11 January 2012

A Note About Fire Safety

Since our house journey began with a tragic fire, we're hypersensitive to fire safety issues. So it really hit us hard when this happened on Monday in our neighborhood:



Our old neighborhood, about a mile away, but still. Crestview will always have a special place in our hearts.

Unlike the fire that destroyed the house that we ended up buying (which could have been rebuilt), that house exploded due to a gas leak. Apparently the owner had been smelling gas since October and called the gas company at least once, but the response was wholly inadequate. They came out just before New Year's, poked around a bit, and couldn't get at the leak; they said they would come back with the right equipment (most likely to dig up the driveway), but in the meantime...



...the house was reduced to rubble before the fire trucks even arrived on the scene.

So scary. I guess I think about gas leaks originating in the house, at appliances, where it's easier to detect and keep up on them. (You'd smell a leak at the stove, right?) I take some comfort in knowing that our risk of a gas leak is minimized because we only have about half the gas appliances that most houses have (due to our geothermal heat pump, which also powers the water heater). But gas leaks that originate outside seem harder to detect, and you're at the mercy of the gas company to fix them. (Several years ago, back at the condo, I smelled a gas leak on the side of one of the other buildings. I called the gas company, and I assume they came out to investigate, but the smell was never resolved, and I'm ashamed to admit that I never followed up.) I'd like to believe the repair folks triage as well as they can given their staff limitations (rather than just not caring), but when you're talking about highly explosive substances, triage is not enough.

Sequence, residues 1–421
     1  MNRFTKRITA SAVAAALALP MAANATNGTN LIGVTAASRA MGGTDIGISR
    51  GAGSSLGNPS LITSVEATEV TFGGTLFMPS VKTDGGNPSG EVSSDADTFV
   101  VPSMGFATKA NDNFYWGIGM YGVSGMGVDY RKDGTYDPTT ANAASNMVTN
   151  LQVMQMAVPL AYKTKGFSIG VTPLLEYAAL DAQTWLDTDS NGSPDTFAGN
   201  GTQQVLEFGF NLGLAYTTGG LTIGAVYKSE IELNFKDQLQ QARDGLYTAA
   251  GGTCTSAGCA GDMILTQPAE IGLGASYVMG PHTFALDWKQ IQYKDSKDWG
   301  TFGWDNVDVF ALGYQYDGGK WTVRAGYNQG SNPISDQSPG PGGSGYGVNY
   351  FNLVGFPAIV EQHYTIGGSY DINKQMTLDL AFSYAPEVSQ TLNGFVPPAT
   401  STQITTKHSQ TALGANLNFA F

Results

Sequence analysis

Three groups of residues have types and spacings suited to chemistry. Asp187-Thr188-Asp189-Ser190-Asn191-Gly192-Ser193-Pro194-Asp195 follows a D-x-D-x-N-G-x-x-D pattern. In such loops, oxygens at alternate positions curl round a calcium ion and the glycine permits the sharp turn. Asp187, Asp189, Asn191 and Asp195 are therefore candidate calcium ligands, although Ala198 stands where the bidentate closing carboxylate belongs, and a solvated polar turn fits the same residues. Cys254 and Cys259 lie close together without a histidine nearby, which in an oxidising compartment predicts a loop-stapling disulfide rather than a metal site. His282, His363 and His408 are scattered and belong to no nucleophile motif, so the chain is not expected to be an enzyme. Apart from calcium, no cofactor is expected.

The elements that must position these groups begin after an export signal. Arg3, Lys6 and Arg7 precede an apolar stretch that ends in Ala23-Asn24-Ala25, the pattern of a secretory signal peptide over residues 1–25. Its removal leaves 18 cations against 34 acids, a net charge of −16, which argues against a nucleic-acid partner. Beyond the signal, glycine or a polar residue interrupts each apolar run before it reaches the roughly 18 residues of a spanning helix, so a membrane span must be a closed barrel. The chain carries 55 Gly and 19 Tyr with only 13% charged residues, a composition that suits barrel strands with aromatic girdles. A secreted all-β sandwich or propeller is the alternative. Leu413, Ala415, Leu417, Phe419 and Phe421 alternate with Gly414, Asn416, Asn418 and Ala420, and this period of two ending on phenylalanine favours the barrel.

It's been more than 48 hours since the explosion -- which killed the owner and blew out all of the windows of the house next door -- and the whole block is still without gas (and therefore heat as well). The Texas Railroad Commission, which (oddly) regulates gas pipelines, has taken over the investigation and repair work, and they've dug this huge hole looking for the leak:



While I don't know what kind of pipe actually had the leak, that hole is reminiscent of the 30" gas pipeline that blew up outside of San Francisco in 2010, destroying dozens of houses and killing four people. I don't know if this involves a major transmission line or "just" the individual service line to that house, but it's scary to think that this could happen to anyone. Even someone who did the responsible thing and called the gas company about the problem. So it goes without saying: if you smell gas, leave the house (and don't use your phone anywhere near the source) call 911, and don't stop calling until it has been fixed.

(More pictures and information here.)

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